Newman, Richard (Alan) 1930-2003
NEWMAN, Richard (Alan) 1930-2003
See index for CA sketch: Born March 30, 1930, in Watertown, NY; died of a brain tumor July 7, 2003, in Boston, MA. Educator, editor, minister, and author. Newman was an authority on African-American history and culture. Originally studying for the ministry, he completed a bachelor's degree at Maryville College in 1952 and earned his M.A. in divinity at Union Theological Seminary in 1955, the same year he was ordained in the Presbyterian Church. He began work as a minister for the Westminster Presbyterian Church in Syracuse, New York, during the late 1950s, followed by a position at Vassar College as an instructor in religion. A meeting with the Rev. Martin Luther King, Jr., when Newman was twenty-five years old shaped the remainder of his life; from that point on he vowed not only to work on behalf of civil rights but to do whatever he could to help blacks in everything from education to employment. Attending graduate school at Syracuse University and Harvard University, he became chair of the department of social sciences at Boston University from 1964 to 1973. He then embarked on an editing career, first at G. K. Hall from 1973 to 1979, then as executive editor at Garland Publishing from 1978 to 1981, and finally as manager of publications at the New York Public Library from 1981 to 1992. In 1992 he was appointed director of research at Harvard University's black studies program, where he also became managing editor of The Harvard Guide to African-American History. Newman was famous for his encyclopedic knowledge of all things African American, and gave generously of his time to advise students and colleagues on the subject. In response to those who asked why he, a white man, chose to study African Americans, he responded that he did not, for example, have to be a woman living in sixteenth-century England to study Queen Elizabeth I. Newman wrote extensively about his specialty in such books as Black Power and Black Religion: Essays and Reviews (1987), Words like Freedom: Essays on African-American Culture and History (1996), and African-American Quotations (1998), in addition to editing or contributing to numerous other publications.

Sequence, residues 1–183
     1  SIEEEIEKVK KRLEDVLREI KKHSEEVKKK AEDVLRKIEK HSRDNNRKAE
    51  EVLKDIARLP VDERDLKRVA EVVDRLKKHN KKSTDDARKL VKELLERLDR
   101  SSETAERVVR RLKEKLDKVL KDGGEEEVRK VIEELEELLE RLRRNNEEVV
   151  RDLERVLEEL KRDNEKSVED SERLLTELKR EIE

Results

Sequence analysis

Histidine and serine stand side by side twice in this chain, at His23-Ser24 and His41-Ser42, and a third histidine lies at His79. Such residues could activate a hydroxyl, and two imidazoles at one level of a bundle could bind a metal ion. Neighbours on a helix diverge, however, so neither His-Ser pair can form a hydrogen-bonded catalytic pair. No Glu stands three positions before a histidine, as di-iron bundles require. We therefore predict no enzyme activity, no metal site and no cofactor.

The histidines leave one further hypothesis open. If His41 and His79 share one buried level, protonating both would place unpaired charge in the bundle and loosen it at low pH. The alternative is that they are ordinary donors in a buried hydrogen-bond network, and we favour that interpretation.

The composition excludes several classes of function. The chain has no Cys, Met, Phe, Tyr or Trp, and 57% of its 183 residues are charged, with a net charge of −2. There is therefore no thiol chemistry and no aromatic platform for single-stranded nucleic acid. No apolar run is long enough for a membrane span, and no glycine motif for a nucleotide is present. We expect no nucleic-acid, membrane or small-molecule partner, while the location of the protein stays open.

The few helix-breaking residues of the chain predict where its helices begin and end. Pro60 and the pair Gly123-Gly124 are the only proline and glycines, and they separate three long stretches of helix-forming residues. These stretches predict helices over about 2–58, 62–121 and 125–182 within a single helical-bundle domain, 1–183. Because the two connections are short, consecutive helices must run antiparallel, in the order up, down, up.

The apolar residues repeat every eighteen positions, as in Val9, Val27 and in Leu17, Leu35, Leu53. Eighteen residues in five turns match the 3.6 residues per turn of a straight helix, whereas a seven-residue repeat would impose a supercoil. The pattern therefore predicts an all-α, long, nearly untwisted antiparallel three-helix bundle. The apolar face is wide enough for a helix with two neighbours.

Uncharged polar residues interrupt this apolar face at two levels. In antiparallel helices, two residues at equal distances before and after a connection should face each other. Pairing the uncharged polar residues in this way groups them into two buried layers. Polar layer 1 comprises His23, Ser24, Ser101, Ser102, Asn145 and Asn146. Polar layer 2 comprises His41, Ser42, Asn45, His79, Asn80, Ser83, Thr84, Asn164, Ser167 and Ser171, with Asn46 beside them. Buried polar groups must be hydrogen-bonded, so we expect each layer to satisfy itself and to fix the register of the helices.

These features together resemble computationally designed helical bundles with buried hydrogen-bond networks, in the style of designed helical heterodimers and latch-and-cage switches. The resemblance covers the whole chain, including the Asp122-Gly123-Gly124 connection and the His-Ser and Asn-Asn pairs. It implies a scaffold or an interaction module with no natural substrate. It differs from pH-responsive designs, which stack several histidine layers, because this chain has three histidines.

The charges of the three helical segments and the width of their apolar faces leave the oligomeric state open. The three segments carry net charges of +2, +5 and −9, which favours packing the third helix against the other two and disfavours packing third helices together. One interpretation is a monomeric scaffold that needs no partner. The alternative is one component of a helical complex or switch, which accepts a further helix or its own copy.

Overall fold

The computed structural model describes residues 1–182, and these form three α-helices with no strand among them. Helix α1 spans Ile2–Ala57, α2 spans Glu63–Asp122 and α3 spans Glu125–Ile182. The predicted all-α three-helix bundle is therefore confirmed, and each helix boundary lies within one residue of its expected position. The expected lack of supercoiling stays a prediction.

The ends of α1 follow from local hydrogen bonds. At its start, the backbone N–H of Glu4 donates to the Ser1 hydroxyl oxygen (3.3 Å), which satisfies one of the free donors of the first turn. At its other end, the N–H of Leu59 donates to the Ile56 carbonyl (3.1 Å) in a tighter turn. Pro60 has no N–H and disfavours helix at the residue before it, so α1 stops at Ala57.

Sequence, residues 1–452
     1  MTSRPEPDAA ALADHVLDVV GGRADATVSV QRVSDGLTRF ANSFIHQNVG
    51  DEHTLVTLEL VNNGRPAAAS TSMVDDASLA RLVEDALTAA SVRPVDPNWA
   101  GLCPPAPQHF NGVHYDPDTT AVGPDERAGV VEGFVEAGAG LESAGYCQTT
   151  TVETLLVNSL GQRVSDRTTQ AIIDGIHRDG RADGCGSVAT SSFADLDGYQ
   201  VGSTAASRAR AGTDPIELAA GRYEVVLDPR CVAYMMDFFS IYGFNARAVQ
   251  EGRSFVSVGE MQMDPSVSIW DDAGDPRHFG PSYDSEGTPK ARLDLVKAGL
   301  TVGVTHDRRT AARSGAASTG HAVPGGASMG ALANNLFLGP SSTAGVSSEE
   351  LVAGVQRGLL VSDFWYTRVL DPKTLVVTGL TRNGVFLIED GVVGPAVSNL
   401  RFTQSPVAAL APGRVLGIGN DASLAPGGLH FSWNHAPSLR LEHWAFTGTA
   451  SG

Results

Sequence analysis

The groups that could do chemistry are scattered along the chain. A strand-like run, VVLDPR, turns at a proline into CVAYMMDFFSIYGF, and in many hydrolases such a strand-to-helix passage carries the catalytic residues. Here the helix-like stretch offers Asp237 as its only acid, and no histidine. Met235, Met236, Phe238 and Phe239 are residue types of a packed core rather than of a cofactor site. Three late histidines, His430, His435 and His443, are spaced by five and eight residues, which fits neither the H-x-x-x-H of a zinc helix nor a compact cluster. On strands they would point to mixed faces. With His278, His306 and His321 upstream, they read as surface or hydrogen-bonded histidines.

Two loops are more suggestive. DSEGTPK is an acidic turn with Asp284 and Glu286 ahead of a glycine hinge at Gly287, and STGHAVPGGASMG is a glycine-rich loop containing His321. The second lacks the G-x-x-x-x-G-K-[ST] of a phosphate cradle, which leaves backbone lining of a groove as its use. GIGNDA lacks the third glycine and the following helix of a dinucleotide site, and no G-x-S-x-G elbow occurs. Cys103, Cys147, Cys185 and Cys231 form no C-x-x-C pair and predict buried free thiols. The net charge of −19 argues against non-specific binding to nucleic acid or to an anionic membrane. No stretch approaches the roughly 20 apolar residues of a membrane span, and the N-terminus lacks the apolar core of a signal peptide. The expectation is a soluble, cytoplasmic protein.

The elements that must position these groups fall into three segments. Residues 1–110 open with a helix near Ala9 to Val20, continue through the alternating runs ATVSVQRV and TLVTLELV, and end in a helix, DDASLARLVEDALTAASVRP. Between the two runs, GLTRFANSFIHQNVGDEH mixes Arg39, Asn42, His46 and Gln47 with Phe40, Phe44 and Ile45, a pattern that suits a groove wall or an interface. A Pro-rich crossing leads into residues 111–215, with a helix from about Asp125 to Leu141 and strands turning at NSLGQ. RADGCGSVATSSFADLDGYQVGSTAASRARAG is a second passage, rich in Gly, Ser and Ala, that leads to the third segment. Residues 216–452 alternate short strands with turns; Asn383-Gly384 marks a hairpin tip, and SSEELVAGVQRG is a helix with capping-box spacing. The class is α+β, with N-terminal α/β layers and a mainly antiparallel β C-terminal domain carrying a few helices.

OBITUARIES AND OTHER SOURCES:
Boston Globe, July 8, 2003, p. B8.